Solving Utah's dismal graduation rate: Two schools may have the answer
Incentive, aesthetic initiatives boost rates, but more needed
In Ogden School District, one of the most diverse and historically low-performing school districts in the state, a focus on improved attendance and the use of individual student data-tracking, as well as district-wide administrative shakeups, has resulted in marked improvements in student proficiency and graduation rates.
Between the 2010-11 and 2011-12 academic years, the graduation rate at Ben Lomond High School increased from 78 percent to 81 percent. Ben Lomond's sister school, Ogden High School, saw even greater gains, jumping 11 percentage points from 77 percent to 88 percent.
The reason: They are focusing on getting kids to class, including providing incentives for keeping them there.
Both schools graduate roughly 98 percent of their senior students who attend class. Both schools are also evenly split between white and Hispanic students and a majority of students qualify for free or reduced lunch.
"It's a highly diverse, highly impacted school," Principal Stacey Briggs said of Ogden High School. "We had 307 seniors last year, and 302 of them graduated with a diploma, and they were not on track to graduate at the beginning of the year."
Ogden's schools create "Hot Lists" — coined by district superintendent Brad Smith — in which counselors create a list of the students most at risk for graduation to work with on an individual basis. Hot List students are also assigned to a school faculty member, meaning near-daily feedback on their homework, grades, attendance, and academic standing.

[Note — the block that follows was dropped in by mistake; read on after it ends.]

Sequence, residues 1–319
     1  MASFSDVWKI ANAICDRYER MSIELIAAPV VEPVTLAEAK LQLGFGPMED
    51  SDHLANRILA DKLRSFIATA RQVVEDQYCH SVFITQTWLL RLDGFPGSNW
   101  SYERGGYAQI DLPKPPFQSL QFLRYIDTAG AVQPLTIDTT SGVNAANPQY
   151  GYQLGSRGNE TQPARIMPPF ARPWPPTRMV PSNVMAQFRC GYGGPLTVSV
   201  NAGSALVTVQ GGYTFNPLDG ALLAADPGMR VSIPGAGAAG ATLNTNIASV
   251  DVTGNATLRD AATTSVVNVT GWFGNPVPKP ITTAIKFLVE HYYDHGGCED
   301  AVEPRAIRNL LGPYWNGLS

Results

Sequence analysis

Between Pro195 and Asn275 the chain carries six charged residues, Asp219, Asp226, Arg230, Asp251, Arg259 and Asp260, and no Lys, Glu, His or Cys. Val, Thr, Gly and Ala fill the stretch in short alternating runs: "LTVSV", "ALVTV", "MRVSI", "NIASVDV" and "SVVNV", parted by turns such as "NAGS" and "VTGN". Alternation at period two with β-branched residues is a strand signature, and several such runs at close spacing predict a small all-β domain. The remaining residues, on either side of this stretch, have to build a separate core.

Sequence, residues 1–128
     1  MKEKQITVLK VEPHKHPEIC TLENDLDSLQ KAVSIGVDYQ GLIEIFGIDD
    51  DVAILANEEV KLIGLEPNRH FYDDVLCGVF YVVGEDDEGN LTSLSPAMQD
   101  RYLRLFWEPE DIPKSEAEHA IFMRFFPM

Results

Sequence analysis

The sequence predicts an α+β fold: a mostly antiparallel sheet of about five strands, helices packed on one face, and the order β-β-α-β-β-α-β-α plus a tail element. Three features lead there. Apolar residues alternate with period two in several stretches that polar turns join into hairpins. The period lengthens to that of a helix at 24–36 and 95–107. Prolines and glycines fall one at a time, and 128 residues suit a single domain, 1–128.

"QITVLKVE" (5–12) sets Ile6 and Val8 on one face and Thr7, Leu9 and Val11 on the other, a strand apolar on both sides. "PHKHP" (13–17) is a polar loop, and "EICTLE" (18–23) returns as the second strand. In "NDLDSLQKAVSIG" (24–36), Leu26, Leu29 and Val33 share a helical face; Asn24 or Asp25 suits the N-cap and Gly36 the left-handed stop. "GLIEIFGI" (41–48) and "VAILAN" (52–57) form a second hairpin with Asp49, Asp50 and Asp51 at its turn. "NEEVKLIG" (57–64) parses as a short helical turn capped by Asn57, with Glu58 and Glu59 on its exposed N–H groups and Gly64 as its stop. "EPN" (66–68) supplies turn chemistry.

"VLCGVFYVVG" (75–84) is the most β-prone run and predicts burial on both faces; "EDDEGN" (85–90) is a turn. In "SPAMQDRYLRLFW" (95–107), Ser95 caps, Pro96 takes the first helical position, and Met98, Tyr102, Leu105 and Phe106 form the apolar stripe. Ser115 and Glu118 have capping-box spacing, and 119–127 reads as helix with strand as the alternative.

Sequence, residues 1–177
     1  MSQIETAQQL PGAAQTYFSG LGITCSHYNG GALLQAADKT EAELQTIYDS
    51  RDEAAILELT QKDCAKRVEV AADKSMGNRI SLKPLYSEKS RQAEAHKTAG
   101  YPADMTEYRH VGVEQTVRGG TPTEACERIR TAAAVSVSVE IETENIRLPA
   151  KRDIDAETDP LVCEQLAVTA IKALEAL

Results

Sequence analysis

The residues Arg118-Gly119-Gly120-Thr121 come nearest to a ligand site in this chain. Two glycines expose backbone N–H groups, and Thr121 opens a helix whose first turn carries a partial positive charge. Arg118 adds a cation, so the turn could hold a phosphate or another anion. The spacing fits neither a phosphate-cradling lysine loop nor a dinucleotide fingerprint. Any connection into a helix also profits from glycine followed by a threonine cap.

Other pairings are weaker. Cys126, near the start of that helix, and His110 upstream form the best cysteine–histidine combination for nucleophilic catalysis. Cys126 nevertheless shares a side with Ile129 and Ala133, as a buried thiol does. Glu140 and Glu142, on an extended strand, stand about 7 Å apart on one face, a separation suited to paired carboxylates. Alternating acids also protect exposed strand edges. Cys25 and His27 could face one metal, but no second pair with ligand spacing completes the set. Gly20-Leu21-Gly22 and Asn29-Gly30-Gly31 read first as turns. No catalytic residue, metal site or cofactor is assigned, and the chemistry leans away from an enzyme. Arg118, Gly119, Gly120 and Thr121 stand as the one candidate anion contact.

"Every single teacher in my group had to pick one of those seniors and say they would bug them to death," said Maureen Kopecky, Ogden High head counselor. "We don't let time go by. If they don't make progress we schedule with their parents, but we have the faculty bugging them too, so it's this grand scheme of kicking them."
The schools also use incentives to encourage attendance, like an extended lunch period for students who keep their grades up and tardies down.
Ben Smith, principal of Ben Lomond High School, said the incentives have translated into measurable data. In just the first four weeks of the school's second terms, there were 954 tardies in 2010, 570 tardies in 2011 and 389 tardies this year.
"When that bell rings, our halls are clear, and that's been a great culture change," he said.
At Ogden High School, Principal Stacey Briggs said consecutive absences earn students a home visit from a member of the school staff.
"We have to go see where they are," she said. "We have the 'attendance huddle' once a week in the morning and out of that huddle there's usually 10 to 12 home visits that are assigned. My assistant principals are going out, my counselors are going out, and we chase kids and try to keep them in school."
Those visits are also used as a tool for bringing students who have dropped out back into the fold. Briggs said that in the past year her student body has swelled by 200 students who were previously not staying in school.
Kopecky said in the past there was little consequence for a student arriving late, or not at all, to class. Now, she said, students have responded to the incentives — and some punitive measures — and in the process have figured out that it's easier to pass their classes when they actually attend.
"I saw kids sprinting. We could have have had a world-class track team last year," she said.
The schools also rely heavily on student tracking data, part of a district-wide effort that has seen the halls and classrooms of Ogden School District decorated with graphs and tables tracking performance and attendance.
In Briggs' office, a large white board in the corner shows each grade's breakdown with the number of students off-track for graduation written in red. In the sophomore column, a red figure shows that more than 100 students were already credit deficient before they took one step in Ogden High School's halls.
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